SANTA CLARA, Calif.—Editor and filmmaker Christopher Rufo has been focusing his research on critical race theory (CRT) in K–12 schools for the last four months.
Since California announced its ethnic studies curriculum in March, there has been much discussion on CRT, a quasi-Marxist theory that divides people by race into “oppressors” and “oppressed.”
Those who oppose the ideology, such as Rufo, say it is divisive and harmful.
He said he saw how the theory manifests as a curriculum and a teacher training program as well as what its effects are on kids.
“First graders in Cupertino, California … are forced to deconstruct their racial and sexual identities and then rank themselves according to their power and privilege,” Rufo told NTD Television. “I did a story about middle school teachers in Springfield, Missouri, who were forced to locate themselves on an oppression matrix; and white, male, Christian, English-speaking teachers were told that they were inherently oppressors; and other teachers were told that they were inherently oppressed.”
He also wrote a piece about teachers in Philadelphia asking fifth graders to celebrate “Black communism” and simulate an “Angela Davis Black Power” rally.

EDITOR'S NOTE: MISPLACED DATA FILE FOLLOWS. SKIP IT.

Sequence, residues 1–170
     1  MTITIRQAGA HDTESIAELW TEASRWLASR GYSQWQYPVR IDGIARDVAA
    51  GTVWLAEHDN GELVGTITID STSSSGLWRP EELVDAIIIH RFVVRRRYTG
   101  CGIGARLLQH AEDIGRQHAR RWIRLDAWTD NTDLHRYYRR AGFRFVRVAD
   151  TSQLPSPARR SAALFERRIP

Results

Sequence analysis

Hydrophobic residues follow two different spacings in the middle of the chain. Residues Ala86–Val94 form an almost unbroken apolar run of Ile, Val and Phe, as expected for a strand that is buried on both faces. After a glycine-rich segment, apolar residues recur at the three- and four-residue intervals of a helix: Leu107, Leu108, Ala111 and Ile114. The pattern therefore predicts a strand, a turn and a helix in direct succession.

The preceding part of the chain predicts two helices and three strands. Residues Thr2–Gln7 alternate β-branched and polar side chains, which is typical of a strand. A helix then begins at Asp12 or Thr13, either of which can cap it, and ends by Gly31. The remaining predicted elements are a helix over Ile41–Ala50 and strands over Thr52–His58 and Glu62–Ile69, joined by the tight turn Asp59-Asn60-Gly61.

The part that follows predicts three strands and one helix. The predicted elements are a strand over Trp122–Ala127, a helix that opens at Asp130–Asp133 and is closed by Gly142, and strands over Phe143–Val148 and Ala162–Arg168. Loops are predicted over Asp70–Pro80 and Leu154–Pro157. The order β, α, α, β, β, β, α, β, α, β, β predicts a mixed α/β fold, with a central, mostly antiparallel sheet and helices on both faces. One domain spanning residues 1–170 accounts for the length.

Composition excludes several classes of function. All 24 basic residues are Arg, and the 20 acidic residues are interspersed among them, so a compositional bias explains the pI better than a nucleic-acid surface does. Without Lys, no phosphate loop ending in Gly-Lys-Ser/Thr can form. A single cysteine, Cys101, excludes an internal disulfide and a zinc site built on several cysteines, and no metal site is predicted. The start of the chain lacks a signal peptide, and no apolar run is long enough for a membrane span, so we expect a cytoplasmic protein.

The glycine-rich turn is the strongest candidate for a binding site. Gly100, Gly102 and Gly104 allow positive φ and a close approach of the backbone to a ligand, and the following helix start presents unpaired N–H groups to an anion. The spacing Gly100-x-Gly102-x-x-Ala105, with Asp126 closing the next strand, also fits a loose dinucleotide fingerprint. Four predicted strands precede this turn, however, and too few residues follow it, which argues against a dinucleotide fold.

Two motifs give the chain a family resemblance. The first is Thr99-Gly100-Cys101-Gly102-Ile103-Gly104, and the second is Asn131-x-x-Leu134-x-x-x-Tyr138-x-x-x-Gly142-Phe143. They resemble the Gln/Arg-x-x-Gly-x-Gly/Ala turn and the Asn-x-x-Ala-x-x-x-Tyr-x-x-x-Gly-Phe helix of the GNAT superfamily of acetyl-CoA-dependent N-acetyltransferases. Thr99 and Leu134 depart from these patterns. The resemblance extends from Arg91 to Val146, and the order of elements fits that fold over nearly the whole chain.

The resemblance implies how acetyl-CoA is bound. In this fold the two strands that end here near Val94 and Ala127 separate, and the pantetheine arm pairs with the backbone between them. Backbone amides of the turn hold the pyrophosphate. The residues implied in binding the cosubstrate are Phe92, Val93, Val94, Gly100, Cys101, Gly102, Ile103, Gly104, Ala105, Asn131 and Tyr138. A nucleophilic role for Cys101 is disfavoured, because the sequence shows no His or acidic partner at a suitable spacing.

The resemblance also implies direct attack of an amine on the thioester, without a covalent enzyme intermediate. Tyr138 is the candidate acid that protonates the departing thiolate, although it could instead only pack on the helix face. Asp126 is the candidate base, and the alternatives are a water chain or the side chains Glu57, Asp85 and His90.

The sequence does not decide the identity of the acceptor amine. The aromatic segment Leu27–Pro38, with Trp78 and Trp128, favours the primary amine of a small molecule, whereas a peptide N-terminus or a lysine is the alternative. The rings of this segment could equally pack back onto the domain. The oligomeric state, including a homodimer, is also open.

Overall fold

He said he believes these examples of CRT in schools illustrate “just how nonsensical, how divisive, how destructive, and how truly manipulative it can be, especially when applied to very young children.”
Rufo said he has seen the theory expand outside schools. He pointed out that Portland, Oregon was one of the first cities to adopt the concept, and he suggested this is partially responsible for the unrest last year.
“We’ve seen it as more than 150 days straight of rioting last year after the death of George Floyd—including the group called the Northwest Youth Liberation Front comprised and led by teenagers, who perhaps, in some cases, absorbed some of the ideology in school,” Rufo said.
Rufo is concerned that over time, this form of instruction will lead to a deformed education system.
On March 18, the California State Board of Education approved the implementation of the Ethnic Studies Model Curriculum in schools, after four revisions in four years. It is the first in the nation to make the curriculum available to educators.
“Today’s historic action gives schools the opportunity to uplift the histories and voices of marginalized communities in ways that help our state and nation achieve racial justice and create lasting change,” Tony Thurmond, State Superintendent of Public Instruction, stated in an announcement.
According to the announcement, ethnic studies courses can help minority students increase graduation and college admission rates. The curriculum will not be mandatory.